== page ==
By Celia Innerarity. Celia is a dietitian, working in private practice. She assists her clients, most of which have chronic conditions such as diabetes, with lifestyle management of their condition.

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A Tribute to Mom … Vil + Jos

Mom came into this world with a purpose to teach young ones and to serve her fellowmen.

Lorna Charlton was born on March 15, 1916, in Darliston, Westmoreland, Jamaica, and passed away on October 4, 2008.  Her marriage to Jeremiah produced four children- from the eldest to the youngest, Vilma, Jossette, Glen and Karl.   Apart from her husband, her children were her greatest confidant; so close were we all.  Many nights she chatted with us until we fell asleep.

Young Lorna Charlton

We vividly recall as young children being drafted by Mom over our summer holidays to carry out all the domestic chores generally done by the live-in helper.  As was customary, the live-in helper went off on holidays to her home town in the parish of Westmoreland.  To our chagrin we were required to: clean the board floors throughout the whole house, first applying the dye and then shinning the board with a coconut brush; wash the soiled clothing with the use of scrubbing board and wash pan; iron the clothes ensuring that the little iron heated on the coal stove was impeccably clean before applying them to the clothing. Even helping to prepare the meals was sometimes quite painful as we very often grated our knuckles instead of the coconut, and if we were not careful the wood fire in the iron stove would go out if the fire sticks were not continually adjusted. Balancing a bucket of water on one’s head and walking from the riverside up the rocky road to our house, was also a skill which we fought to achieve.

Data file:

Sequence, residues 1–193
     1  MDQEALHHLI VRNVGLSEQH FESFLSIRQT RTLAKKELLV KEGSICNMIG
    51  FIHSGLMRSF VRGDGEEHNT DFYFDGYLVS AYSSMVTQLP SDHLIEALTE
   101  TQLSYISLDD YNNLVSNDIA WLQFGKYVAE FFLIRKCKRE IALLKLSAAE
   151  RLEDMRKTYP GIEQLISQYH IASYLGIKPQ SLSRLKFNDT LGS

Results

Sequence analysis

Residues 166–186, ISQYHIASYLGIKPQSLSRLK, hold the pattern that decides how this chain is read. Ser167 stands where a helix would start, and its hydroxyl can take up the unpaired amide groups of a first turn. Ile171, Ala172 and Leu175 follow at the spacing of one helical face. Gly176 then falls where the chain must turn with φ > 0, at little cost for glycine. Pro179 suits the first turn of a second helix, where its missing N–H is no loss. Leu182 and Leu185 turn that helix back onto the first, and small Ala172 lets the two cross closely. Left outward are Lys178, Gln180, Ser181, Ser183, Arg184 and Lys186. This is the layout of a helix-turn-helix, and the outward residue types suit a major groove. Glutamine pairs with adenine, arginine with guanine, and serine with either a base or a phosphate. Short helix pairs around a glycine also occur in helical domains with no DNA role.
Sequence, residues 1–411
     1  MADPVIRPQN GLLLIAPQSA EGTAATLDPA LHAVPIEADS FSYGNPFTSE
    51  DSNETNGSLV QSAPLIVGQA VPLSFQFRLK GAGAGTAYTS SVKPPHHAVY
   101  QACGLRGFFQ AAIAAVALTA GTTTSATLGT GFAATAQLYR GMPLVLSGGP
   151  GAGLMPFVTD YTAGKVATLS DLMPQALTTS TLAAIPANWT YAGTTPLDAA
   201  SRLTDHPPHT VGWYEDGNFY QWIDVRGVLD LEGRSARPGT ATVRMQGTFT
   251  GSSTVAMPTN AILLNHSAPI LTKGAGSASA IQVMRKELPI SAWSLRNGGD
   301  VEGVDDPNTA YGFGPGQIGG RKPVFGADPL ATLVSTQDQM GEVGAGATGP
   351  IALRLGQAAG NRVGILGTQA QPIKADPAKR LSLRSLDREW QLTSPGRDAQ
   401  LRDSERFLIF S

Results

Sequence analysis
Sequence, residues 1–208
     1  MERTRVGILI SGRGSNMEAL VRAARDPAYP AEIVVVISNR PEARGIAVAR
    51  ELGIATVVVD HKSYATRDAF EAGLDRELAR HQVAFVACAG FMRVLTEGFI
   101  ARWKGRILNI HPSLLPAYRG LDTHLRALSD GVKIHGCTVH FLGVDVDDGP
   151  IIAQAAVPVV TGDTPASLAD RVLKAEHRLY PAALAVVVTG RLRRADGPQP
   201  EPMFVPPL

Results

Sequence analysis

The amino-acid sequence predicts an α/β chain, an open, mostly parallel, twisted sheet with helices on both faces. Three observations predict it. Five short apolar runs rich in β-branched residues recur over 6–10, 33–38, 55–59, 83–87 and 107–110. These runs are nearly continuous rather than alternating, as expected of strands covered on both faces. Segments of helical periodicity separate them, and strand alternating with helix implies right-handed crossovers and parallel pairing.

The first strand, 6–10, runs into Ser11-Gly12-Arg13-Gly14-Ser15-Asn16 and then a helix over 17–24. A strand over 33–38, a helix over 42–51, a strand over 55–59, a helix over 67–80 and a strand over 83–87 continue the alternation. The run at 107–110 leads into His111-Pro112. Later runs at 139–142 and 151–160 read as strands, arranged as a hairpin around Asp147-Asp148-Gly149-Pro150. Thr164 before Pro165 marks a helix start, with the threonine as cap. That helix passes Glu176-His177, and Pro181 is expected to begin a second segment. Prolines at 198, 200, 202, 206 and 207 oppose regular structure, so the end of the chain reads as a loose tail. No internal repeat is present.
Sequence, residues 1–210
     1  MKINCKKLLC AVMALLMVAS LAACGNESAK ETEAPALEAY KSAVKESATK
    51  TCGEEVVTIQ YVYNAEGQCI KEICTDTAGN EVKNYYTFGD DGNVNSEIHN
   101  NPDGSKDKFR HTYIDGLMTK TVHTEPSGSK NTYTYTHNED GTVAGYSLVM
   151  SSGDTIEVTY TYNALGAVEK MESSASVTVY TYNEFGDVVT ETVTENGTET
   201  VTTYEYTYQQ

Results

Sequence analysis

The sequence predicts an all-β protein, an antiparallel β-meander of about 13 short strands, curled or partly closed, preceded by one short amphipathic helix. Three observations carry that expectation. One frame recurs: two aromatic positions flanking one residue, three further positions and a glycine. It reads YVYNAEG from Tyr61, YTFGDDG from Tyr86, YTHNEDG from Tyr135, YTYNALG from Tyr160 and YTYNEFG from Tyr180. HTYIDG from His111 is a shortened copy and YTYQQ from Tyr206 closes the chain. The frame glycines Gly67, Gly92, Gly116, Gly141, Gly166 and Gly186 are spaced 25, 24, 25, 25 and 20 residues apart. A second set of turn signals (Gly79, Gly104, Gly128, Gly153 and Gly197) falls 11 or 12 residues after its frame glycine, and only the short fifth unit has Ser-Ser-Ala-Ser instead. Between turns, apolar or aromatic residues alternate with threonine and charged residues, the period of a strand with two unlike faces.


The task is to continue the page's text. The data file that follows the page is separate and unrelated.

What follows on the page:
Perhaps we did not consider it much fun then, but as we grew older we came to appreciate the tremendous value and experience of those early years.  For that we are eternally grateful to Mom.  She helped to prepare us for life away from home.  In those days life away from home could begin as early as ten and eleven years old, particularly for country children like us, who were sent off to high school in Kingston.  

The Charlton Family

Lorna Charlton, spent her entire work life in the primary school as a teacher.  Like her husband, Jeremiah, who was generally the Head Teacher of the school, she was very soft spoken but extremely successful in preparing children for the upper grades.  Students in her class received a good foundation as they prepared for another two years of studying, culminating in the sitting of the National Common Entrance Examination.